With respect to spiritual practice, however, the disparity clearly runs the other way. While Eastern mysticism has its fair share of unjustified belief, it undoubtedly represents humankind’s best attempt at fashioning a spiritual science. The methods of introspection one finds in Buddhism, for instance, have no genuine equivalents in the West. And the suggestion that they do is born of a desperate attempt on the part of Westerners to make all religious traditions seem equally wise. They simply aren’t. When a Tibetan lama talks about “nondual awareness” (Tib. rigpa) and the Pope talks about God or the Holy Spirit (or anything else), they are not talking about the same thing; nor are they operating on the same intellectual footing. The lama is using some very precise terminology (albeit terminology that has no good English equivalent) to describe what countless meditators have experienced after very refined training in methods of introspection; while the Pope is merely reiterating unjustified and unjustifiable metaphysical claims that have been passed down to Christians in the context of a culture that has failed–utterly–to find compelling alternatives to mere belief. Such alternatives have existed for millennia, east of the Bosporus. This is not to ignore the Meister Eckharts of the world, but such mystics have always been the exception in the West. And it is important to remember that, being exceptions, they have been regularly persecuted for heresy. You basically characterize Western religion as dangerous and Eastern mysticism as full of promise. How did you arrive at this conclusion?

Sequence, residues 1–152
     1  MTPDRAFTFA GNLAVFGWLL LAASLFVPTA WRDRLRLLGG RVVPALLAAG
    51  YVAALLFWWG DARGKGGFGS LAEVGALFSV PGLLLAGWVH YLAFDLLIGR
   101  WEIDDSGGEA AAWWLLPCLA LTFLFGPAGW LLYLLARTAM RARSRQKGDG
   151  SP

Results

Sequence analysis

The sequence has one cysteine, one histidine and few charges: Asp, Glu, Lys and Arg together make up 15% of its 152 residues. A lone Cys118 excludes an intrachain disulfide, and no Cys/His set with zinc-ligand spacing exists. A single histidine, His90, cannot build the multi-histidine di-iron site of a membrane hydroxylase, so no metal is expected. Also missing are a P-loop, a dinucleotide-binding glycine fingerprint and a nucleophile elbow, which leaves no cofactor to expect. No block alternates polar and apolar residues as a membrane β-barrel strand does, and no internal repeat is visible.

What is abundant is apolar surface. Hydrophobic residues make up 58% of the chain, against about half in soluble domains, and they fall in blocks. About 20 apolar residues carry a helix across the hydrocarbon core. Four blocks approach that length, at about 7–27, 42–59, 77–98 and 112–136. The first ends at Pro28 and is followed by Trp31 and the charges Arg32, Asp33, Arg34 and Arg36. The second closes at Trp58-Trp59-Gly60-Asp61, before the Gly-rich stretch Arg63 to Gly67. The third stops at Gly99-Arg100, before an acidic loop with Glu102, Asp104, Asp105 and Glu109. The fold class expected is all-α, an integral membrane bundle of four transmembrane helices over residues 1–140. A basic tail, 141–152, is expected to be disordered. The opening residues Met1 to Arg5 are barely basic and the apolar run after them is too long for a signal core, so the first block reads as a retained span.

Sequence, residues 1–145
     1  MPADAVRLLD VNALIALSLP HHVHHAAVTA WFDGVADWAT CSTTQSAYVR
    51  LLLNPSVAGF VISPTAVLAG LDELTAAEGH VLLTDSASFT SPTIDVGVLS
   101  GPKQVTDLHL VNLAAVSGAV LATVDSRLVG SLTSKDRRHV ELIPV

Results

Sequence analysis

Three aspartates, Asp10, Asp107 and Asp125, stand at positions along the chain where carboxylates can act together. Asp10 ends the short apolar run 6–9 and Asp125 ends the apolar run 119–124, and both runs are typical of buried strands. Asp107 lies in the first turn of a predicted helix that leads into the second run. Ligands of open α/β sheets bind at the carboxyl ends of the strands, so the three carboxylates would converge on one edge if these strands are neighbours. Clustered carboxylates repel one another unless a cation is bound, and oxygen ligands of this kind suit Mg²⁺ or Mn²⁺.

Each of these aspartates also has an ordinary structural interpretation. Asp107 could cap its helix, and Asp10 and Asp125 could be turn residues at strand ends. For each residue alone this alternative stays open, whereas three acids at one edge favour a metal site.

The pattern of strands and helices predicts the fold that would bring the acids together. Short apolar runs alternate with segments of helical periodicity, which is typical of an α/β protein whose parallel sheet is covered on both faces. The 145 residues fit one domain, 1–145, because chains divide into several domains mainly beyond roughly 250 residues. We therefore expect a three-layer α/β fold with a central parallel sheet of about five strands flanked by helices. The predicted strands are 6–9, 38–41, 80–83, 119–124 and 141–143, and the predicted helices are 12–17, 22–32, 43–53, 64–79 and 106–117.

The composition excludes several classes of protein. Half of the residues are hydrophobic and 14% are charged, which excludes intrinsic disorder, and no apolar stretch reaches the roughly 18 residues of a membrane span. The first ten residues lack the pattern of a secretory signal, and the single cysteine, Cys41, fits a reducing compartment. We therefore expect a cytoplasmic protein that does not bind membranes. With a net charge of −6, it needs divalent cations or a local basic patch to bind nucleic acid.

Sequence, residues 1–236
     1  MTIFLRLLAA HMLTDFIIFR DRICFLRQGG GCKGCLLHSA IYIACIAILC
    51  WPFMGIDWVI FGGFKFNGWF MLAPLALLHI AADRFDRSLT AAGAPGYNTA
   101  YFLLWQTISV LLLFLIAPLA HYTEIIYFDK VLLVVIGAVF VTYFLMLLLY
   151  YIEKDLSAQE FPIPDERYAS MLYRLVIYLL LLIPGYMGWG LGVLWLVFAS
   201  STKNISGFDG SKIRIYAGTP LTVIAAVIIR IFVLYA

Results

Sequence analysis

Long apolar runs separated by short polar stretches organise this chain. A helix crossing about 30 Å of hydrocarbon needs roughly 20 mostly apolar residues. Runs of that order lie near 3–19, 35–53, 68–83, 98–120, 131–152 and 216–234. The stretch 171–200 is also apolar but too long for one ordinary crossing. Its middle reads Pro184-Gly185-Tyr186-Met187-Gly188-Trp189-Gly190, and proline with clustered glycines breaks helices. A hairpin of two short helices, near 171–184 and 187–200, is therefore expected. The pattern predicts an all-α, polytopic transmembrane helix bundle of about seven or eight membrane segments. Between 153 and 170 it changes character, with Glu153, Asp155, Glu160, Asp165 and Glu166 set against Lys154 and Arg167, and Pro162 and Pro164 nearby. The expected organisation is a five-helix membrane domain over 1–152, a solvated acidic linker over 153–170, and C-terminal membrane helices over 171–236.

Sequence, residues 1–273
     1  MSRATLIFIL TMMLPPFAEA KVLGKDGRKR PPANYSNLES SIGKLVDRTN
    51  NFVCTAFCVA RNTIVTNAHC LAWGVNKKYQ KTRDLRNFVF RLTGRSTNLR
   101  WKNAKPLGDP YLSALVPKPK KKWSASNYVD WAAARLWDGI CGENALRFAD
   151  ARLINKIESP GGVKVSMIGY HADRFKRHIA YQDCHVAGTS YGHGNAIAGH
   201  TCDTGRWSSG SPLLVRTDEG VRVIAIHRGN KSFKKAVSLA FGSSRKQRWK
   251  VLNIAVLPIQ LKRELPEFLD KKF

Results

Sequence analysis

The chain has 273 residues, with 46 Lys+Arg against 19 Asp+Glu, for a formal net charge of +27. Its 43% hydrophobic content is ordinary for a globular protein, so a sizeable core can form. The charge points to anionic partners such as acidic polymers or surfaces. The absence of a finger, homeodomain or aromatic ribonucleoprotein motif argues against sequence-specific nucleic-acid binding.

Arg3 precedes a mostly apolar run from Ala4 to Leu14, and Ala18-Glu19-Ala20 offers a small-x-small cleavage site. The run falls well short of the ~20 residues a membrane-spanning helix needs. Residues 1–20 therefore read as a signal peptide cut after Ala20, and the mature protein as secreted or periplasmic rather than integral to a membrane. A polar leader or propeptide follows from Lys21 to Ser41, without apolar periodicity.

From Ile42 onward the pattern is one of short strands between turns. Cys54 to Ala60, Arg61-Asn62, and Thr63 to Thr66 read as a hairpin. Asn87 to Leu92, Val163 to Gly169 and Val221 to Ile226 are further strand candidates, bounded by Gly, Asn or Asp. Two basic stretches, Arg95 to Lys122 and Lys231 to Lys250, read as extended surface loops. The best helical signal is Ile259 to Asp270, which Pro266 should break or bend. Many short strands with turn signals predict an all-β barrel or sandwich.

Harris: Mysticism, shorn of religious dogmatism, is an empirical and highly rational enterprise. Just as people do not burn their neighbors at the stake as a result of new insights in physics or biology, no one is likely to do so on the basis of genuine mysticism. Religion–especially in the West–is another matter entirely. Religious faith is a conversation stopper.
The only thing that guarantees a truly open-ended collaboration among human beings is their willingness to have their views (and resulting behavior) modified by conversation–by new evidence and new arguments. Otherwise, when the stakes are high, there is nothing to appeal to but force. If I believe that I can get to Paradise by flying a plane into a building, and I am content to believe this without evidence, then there will be nothing another person can say to dissuade me, because my leap of faith has made me immune to the powers of conversation. In other words, you are careful to distinguish between what you term “faith” and “spirituality.” In a nutshell, what is this distinction?

Harris: “Faith” is false conviction in unjustified propositions (a certain book was written by God; we will be reunited with our loved ones after death; the Creator of the universe can hear our thoughts, etc.). “Spirituality” or “mysticism” (both words are pretty terrible, but there are no good alternatives in English) refers to any process of introspection by which a person can come to realize that the feeling he calls “I” is a cognitive illusion. The core truth of mysticism is this: It is possible to experience the world without feeling like a separate “self” in the usual sense. Such a change in the character of one’s experience need not become the basis for making unsupportable claims about the nature of the universe, however. Why have earlier attempts at erasing faith through classical materialism resulted in a level of violence similar to what you believe faith itself has inspired (i.e., Communism)?